On Friday, May 11, I took my first flight "somewhere." That is, it was the first time I got in the plane with a particular destination in mind and not because I was fulfilling some specific training requirement. I lifted off from KPWK at about 8:30 in N378MA, a Cessna Skyhawk outfitted with one of those Bendix/King GPS systems that I have come to loathe. I could not figure out how to input a flight plan, and that was annoying. Not being particularly interested in spending more time figuring it out with the engine running and my wallet thinning, I elected to use the "direct to" function once I hit the Lake Michigan shoreline. Once there, I set my first waypoint and called up Chicago approach for flight following. Interestingly, I never managed to pick up flight following during my training but found it to be pretty straight forward.
My first stop was KISZ - Cincinnati/Blue Ash Airport. It seems that there are some rather controversial plans in the works to close this particular airport, and I wanted to put it in the log book before they did so. My wife and I attended graduate school at the University of Cincinnati, and my initial plan was to return with a large payload of Graeter's ice cream. This stuff really is the best ice cream I have ever eaten. However, Blue Ash seems to lack an FBO with crew cars or ability to get anywhere. Allegedly I could have rented a car, but I did not even try to figure that out because I was not going to pay a day's car rental to drive a 12 mile-round trip that would have taken less than an hour. My emails to two of the FBOs on the field went unreturned. Guess business was booming... except it was not. While I was there I saw all of one other active aircraft. Granted, I was there a short time. I think I will have the store ship it to me instead.
After picking up flight following again from KISZ, I was cleared into the class Bravo airspace on my way to KAID in Anderson, Indiana. This was another first as Chicago's Bravo is so busy that they really don't want to deal with pesky VFR traffic if they do not have to. Between KISZ and KAID, I was running parallel to another aircraft at the same altitude and speed. KAID is very close to KMIE, which was the other plane's destination. Normally this type of thing would have worried me since there is no such thing as a mid-air fender-bender, but since he was on the same frequencies as me I knew what he was up to and where he was going.
Once on the ground at KAID, I met my best friend from college, his wife, and two kids and then we had some nice conversation and food. Now, this is a very good excuse to fly... hanging out with my friend and talking about stuff that matters. I just need to work on getting my directions right. As I approached KAID I stated that I was to the southwest of the field... except if you know anything about the geography of the area then you know I was coming from the southeast. I didn't initially protest when I was given a strange instruction - to enter a right downwind for runway 18. Odd choice, except it made perfect sense if I was coming from the direction I told the controller. When I questioned the instruction, it was clarified where I was really coming from and the controller says, "well, that makes a difference, doesn't it?" Ya think? Already feeling sheepish, I didn't complain when he asked me to stay on a left downwind for Runway 12 to following a Hawker. I had to extend my downwind so far that I could see my college Alma mater. Guess that was worth it.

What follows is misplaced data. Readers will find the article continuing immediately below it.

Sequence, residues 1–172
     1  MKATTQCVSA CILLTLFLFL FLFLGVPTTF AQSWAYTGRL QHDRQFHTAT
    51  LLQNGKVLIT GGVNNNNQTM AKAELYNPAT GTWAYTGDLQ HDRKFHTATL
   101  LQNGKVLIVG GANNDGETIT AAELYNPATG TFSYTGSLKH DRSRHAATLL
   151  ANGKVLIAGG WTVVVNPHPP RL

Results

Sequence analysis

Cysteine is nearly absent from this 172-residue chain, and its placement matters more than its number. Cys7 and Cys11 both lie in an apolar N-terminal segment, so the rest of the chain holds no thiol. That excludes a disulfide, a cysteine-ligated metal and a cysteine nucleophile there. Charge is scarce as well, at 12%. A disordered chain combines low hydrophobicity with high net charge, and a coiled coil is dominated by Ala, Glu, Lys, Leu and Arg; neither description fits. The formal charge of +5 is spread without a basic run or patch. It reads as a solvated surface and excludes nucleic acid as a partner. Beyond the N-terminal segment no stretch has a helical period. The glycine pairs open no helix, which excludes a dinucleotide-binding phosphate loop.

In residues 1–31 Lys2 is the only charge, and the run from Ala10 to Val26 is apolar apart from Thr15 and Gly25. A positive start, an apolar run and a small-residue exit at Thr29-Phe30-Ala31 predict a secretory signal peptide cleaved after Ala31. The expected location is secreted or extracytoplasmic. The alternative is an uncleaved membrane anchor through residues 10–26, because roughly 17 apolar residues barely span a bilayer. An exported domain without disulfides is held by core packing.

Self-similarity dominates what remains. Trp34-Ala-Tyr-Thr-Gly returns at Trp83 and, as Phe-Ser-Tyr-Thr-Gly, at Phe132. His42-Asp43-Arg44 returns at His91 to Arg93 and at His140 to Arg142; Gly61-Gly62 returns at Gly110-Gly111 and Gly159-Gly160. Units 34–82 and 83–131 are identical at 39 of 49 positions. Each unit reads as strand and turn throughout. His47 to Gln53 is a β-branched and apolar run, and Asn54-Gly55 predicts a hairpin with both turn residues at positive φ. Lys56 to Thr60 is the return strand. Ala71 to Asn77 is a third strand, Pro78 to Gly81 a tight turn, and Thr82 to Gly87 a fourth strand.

As I prepared to return to KPWK, I kept calling the tower at Anderson but was getting no response. I pulled out my A/FD and confirmed that it was still supposed to be open. Finally, someone was kind enough to tell me that they were closed for the day. Dandy, please make a note of it in the A/FD will ya? I rocked the wings a bit as I lifted off to "wave" goodbye to my friend and headed back. It was a simply beautiful day for flying or whatever else might tickle your fancy.
Today was also the first time I used my iPad for charts. Gosh, was that a heck of a lot easier! I hate paper charts with a passion though I certainly have them handy should lightening strike twice and both the GPS and iPad fail at the same time. I found it easy to put the iPad on my lap and follow the string of reference points.
It was a great time, and entered 5.1 hours in the logbook - the most I have ever flown in one day. Good times. Now I remember why I started this journey.